Transforming Lives

Every day, all over the world, USAID brings peace to those who endure violence, health to those who struggle with sickness, and prosperity to those who live in poverty. It is these individuals — these uncounted thousands of lives — that are the true measure of USAID’s successes and the true face of USAID's programs.

Rural communities often have to vie with their neighbors for vital natural resources, creating tension. Three villages – Tort Kol, Faizabad and Rahmatabad – in Shirin Tagab District of Faryab Province, with a long history of conflict over irrigation water were brought together through a USAID-funded Community Based Stabilization Grants Project.

This USAID-sponsored activity will help the Afghan Government identify geological data for sites not surveyed since the 1960s Afghanistan’s mineral and hydrocarbon resources will be an important source of employment and revenue for the Government of the Islamic Republic of Afghanistan (GIRoA), with 25 percent or more of GDP generated directly or indirectly by the mining / hydrocarbons sectors. In order to maximize the future benefits of Afghanistan’s mineral resources, USAID is assisting the Ministry of Mines (MoM) gather and evaluate geological data. 

Kesa Topac Village in Ali Abad District of Kunduz Province was a safe-haven for insurgents in the early post-Taliban years. In 2011, the area was cleared of insurgents through military operations making critical community linkages with the local GIRoA essential if the area is to remain free of insurgent influence.

Great strides have been made in health and education, bringing more Afghans back into economic and civic life. Institutions that can accountably respond to people's needs and aspirations are being restored. Investments in infrastructure and human capital are making the country less vulnerable to insurgents and illicit business and more attractive for private-sector enterprise.

Hikmatullah Omari describes two tenant farming systems in the Province of Logar: "In one method, the tenant farmer splits the cost of fertilizer, seeds, and tools with the landowner. In the other method, the landowner provides all of the materials." The former arrangement is covered under a 50/50 split with the tenant farmer, while the latter is covered under a 75/25 landowner-to-farmer split. "This makes sense," he says, "because the landowner is bearing much more cost and risk."

When their supporting irrigation system failed, the villagers of Muhammad Agha District in Logar Province faced the expensive prospect of drilling test wells into the water table. This is a risky prospect in the mountains of Eastern Afghanistan because water pools unevenly below rocky mountain surfaces and probing through layers of granite and limestone can be far more expensive than probing through soil. Often, test wells miss the water table entirely. The process typically costs $32 per meter, turning the exploration into an expensive gamble for poverty-stricken villages.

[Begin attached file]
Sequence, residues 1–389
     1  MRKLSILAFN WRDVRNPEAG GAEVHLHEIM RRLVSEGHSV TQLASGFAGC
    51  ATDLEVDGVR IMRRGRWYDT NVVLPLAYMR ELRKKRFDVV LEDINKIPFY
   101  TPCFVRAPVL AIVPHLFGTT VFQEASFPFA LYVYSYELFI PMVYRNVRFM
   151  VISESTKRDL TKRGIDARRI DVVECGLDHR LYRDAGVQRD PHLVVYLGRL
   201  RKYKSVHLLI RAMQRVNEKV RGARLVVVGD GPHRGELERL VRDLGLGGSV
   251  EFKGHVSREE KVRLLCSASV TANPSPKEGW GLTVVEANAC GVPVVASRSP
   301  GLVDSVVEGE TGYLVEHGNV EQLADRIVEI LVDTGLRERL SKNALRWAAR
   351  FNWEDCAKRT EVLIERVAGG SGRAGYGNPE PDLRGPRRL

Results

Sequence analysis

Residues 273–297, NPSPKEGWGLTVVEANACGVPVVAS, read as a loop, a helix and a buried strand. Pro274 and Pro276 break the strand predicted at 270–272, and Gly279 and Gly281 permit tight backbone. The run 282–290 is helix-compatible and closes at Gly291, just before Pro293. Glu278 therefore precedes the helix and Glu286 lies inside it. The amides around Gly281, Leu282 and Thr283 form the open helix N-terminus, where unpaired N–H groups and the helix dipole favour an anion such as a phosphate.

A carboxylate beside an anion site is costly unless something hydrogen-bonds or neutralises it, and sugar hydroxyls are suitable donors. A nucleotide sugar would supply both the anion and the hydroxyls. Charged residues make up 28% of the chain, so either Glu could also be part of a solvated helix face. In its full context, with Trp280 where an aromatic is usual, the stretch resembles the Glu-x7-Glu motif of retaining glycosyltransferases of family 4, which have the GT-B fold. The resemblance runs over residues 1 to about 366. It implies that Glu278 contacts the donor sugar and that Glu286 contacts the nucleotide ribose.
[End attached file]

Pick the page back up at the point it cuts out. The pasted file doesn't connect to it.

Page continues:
Afghanistan is an overwhelmingly rural country. More than 80 percent of Afghans live in farming villages, and 75 percent of all residents depend on arable land for their livelihoods. When asked about this land, subsistence farmers are quick to talk about crop yields. Farmers who have moved past subsistence agriculture often see land as an asset in its own right. At the same time, agricultural gains are narrow and can be easily lost. Seasonal volatility in crop yields can push a farming community from profitability to subsistence in a single season

While construction resources are easily available in major cities such as Kabul and Kandahar, smaller cities and towns may struggle to provide all of the resources needed for major development projects. Contracting agencies are often forced to source materials, such as concrete slabs, from larger regional cities. This not only drives up project costs, but also dissipates money that would otherwise be directed toward intended project beneficiaries.

USAID is teaching Kuchi nomads how to treat common livestock diseases when veterinary care is out of reach. Obaidullah is a Kuchi nomad who tends a herd of more than one hundred sheep and goats. Each year, he follows the migratory routes established centuries ago by his tribe—a foot journey of more than 750 km through the mountains of central Afghanistan. Like most members of his tribe, he has no formal education and only limited access to veterinary care. The survival of his herd therefore depends on his ability to quickly recognize and treat infectious diseases.


Last updated: January 12, 2015